Ian Book didn’t have his best game, but he still put up stellar numbers and made plays to win the game.
The running game is a different story.
We discussed earlier how Pat Narduzzi likes to use an outside linebacker to get favorable numbers in the running game. But this isn’t a magic bullet. Worse teams than Notre Dame have run for a lot of yards on Pitt. There’s no excuse for running for 80 yards on Saturday.
What was especially bad was Notre Dame’s inability to run even when they had favorable numbers in the box.
On this play, Cole Kmet wraps around and leads Dexter Williams through the guard-tackle gap, kind of like and old-school iso run. Pitt only has six defenders in the box versus six blockers, so this should be a successful run. One of Pitt’s safeties is playing somewhat close to the line but Miles Boykin blocks him, taking the corner with him.
But this play is blown up at the line. Kmet doesn’t block anyone and Tommy Kraemer simply whiffs. With good blocking this is an easy first down. And if Dexter Williams gets to the second level, he’s probably one-on-one with the corner. One missed tackle and Dexter runs a long way.
This is quite bad, but I’m not on team #FireJeffQuinn. I think two issues are at play here.
First, the line really misses Alex Bars. He was Notre Dame’s best offensive lineman by far and his absence is noticeable.
Second, I don’t think Tommy Kraemer and Robert Hainsey are healthy. Hainsey missed time in fall camp and Kraemer sat out the Wake Forest game. I don’t think either one is 100% and hopefully they can recuperate during the bye week.
But Notre Dame needs to do a better job running the ball if they want to compete with the top programs in the country. Brian Kelly said after the game that they maybe should have thrown the ball more. I’m pretty results-oriented as opposed to process-oriented when it comes to the offense – if the offense moves the ball and scores points I’m happy – but simply ceding the run game to an opponent like Pitt doesn’t inspire confidence.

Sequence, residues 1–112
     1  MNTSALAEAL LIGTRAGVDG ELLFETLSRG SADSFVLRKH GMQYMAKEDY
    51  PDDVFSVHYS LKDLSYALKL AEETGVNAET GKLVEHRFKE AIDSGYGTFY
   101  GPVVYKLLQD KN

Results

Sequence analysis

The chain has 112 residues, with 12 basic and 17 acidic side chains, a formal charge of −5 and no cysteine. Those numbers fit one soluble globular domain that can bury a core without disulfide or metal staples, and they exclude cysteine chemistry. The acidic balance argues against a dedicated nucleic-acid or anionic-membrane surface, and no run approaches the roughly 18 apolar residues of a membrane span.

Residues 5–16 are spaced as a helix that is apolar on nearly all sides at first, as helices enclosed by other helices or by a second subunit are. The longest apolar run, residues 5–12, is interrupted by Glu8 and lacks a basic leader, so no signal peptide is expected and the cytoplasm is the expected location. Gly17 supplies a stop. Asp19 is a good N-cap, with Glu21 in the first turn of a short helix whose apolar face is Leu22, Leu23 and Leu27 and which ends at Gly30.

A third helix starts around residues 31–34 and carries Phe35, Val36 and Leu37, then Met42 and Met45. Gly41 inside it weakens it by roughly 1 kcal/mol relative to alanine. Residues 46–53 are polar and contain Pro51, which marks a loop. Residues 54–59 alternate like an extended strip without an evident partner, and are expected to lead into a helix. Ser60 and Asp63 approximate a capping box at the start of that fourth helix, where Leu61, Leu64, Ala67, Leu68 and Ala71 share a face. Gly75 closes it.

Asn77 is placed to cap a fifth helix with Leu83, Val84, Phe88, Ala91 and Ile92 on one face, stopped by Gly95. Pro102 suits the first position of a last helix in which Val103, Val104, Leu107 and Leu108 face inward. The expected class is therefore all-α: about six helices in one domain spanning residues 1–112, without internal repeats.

The Good (Again)
Things weren’t all bad on Saturday. As I said above, Ian Book didn’t have a great game (despite his final stats) but he still made some nice plays.
This play highlights Ian Book’s ability to make big plays when needed.
It’s 2nd and very long. Chris Finke and Chase Claypool run deep crossing routes.
Protection breaks down and Book has defenders in his face. Earlier in the game, Book danced around and took sacks under pressure. But this time he keeps his eyes downfield, retreats backwards to give himself some room, and fires a pass to Chris Finke.
Book drops the pass perfectly into Finke’s arms. This drive would result in a touchdown to pull the Irish within 2. But that probably doesn’t happen if Book doesn’t stay calm under pressure and make a huge first down conversion.
I think the temptation is to look at the Pitt game and worry that we’re starting to see the offense break apart like it did after the Wake Forest game last year. At least, that was my first thought after the game ended. But after thinking about it, I don’t think that’s the case.
When Miami thrashed the Irish in South Beach, they exposed fundamental flaws in the offense. Brandon Wimbush was never a great passer. He had that really nice game against Michigan State and maybe that scared a few defensive coordinators enough to respect his arm. But Miami showed that if you sold out to stop the run, the Notre Dame offense had zero answers. The passing game simply wasn’t good enough to win games.
I don’t think we saw those kind of flaws on Saturday. A lot of Book’s problems are correctable. Bailing from the pocket too early, not pulling the trigger on a few throws – those are things that can corrected with film study and practice reps. Heck, the last play I highlighted showed Book is capable of making plays under pressure.
That said, the running game needs to get better. Eric discussed this at the end of his Pitt review and I agree with his thoughts. I’m not sure how far an entirely Book-centric offense will take Notre Dame.
But we’re 7-0 and enjoying cheeseburgers this week, and that’s not a bad place to be.